Internet Companies Show Concern over NSA Decryption Efforts

Yahoo and Google are just some of the companies that reacted to the recent NSA reports

  Everyone's concerned about NSA's efforts to decrypt everything
News that the NSA can bypass or crack online security systems protecting the privacy of Internet users didn’t sit well with many big companies who have already expressed concern.

Yahoo, Google and Microsoft have taken to the media to express their concern with the capabilities of the NSA and GCHQ, its British counterpart.

“We are unaware of and do not participate in such an effort, and if it exists, it offers substantial potential for abuse,” Yahoo’s spokesperson said. “Yahoo zealously defends our users’ privacy and responds to government requests for data only after considering every applicable objection and in accordance with the law.”

Google is also taking things seriously and says the users’ data security is a top priority for the company. Once more, they say they do not provide any government, including the one of the United States, with access to its systems, something Google has been saying since the first NSA leaks regarding PRISM.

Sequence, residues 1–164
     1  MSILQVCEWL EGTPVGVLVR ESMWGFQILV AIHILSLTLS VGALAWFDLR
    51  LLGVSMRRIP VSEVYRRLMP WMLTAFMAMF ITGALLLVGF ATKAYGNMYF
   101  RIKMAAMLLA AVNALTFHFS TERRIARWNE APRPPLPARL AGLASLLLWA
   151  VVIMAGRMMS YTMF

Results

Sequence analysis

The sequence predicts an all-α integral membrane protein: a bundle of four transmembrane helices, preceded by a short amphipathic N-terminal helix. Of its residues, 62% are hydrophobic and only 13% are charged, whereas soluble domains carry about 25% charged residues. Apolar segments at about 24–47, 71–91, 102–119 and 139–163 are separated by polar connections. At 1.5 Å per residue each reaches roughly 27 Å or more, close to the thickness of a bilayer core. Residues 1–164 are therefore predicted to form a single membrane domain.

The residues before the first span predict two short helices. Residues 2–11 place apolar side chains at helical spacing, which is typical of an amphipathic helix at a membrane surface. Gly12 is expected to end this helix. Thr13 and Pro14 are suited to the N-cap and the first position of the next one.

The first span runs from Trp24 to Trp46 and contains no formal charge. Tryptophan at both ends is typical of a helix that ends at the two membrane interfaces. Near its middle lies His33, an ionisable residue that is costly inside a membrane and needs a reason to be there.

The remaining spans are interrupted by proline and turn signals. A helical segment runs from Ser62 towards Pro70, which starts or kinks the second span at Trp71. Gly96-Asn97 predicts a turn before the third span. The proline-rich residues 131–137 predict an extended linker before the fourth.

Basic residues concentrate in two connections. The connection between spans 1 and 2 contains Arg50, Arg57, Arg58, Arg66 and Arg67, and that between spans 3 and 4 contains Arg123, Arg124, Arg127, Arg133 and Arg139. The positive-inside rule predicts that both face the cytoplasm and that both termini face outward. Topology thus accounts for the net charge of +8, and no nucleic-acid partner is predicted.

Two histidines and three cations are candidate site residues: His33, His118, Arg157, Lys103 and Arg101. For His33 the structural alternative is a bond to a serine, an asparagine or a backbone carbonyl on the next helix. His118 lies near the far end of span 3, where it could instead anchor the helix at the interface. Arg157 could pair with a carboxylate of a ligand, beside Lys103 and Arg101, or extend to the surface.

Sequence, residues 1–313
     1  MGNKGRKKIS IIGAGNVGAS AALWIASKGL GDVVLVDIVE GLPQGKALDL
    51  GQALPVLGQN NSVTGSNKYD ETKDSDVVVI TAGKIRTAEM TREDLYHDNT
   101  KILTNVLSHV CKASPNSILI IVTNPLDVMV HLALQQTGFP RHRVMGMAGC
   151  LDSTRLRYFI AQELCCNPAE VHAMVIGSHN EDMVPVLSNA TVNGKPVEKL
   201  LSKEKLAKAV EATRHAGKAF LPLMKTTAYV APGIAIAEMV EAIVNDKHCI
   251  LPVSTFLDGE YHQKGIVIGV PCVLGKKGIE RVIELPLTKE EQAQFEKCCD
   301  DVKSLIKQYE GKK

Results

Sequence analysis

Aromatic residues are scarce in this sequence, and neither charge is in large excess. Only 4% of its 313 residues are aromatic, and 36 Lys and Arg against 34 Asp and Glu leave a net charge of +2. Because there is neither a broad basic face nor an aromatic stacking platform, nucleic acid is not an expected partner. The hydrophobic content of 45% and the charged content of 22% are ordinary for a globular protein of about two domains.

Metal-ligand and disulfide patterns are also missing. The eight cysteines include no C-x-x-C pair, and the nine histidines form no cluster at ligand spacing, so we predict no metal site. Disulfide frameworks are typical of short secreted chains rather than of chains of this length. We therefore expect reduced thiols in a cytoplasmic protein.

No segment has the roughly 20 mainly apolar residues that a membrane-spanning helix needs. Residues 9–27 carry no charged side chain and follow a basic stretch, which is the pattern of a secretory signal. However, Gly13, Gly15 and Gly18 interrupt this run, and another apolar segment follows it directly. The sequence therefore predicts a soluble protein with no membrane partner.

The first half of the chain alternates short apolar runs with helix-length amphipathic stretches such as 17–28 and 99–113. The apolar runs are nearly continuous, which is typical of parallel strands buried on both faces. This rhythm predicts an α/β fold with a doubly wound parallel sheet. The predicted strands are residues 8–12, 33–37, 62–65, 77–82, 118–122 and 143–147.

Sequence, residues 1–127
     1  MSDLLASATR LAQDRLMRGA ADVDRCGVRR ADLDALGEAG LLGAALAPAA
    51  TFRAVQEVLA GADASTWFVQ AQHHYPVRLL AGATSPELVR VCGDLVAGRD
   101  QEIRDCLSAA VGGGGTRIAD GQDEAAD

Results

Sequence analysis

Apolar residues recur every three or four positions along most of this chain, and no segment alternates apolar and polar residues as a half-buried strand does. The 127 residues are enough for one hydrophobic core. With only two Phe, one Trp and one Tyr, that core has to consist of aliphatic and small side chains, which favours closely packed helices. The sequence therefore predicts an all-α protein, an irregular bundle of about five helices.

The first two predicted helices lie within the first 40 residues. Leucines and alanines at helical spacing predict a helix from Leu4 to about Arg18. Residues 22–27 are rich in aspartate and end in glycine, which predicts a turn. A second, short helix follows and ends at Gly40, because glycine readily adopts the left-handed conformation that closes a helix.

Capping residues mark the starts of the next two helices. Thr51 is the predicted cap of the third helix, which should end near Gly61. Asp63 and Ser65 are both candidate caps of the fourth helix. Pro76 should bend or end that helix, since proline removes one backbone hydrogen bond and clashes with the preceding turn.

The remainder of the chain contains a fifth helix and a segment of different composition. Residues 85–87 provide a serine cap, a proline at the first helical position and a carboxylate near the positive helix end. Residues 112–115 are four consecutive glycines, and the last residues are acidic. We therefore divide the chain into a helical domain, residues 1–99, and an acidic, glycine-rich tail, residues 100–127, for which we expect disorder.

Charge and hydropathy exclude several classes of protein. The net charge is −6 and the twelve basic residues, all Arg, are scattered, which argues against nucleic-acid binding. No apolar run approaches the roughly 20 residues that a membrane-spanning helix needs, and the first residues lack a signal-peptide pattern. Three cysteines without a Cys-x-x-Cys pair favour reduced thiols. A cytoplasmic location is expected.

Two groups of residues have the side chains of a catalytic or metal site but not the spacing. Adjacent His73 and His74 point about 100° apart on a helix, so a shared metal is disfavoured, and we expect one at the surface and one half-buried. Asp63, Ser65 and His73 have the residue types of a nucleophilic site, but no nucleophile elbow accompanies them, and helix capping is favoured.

“We have no evidence of any such thing ever occurring. We provide user data to governments only in accordance with the law,” the company said referring to the recent reports about NSA’s extended capabilities.

Microsoft has also taken the time to express its concern about the recent reports regarding the NSA and says that it will press the government for an explanation.

According to a new leaked document from the Snowden stash, published by The Guardian, The New York Times and ProPublica, intelligence agencies have found a way to circumvent the encryption methods used to secure emails, chats and most Internet traffic.

Furthermore, the GCHQ has reportedly been working to infiltrate encrypted traffic on the most popular services, namely Google, Yahoo, Microsoft’s Hotmail (now Outlook) and Facebook.

The intelligence agencies have tried to convince the publications working on the story not to publish the articles, claiming adversaries could start using other types of encryptions. While some information was pulled out of the reports, the articles still ran.

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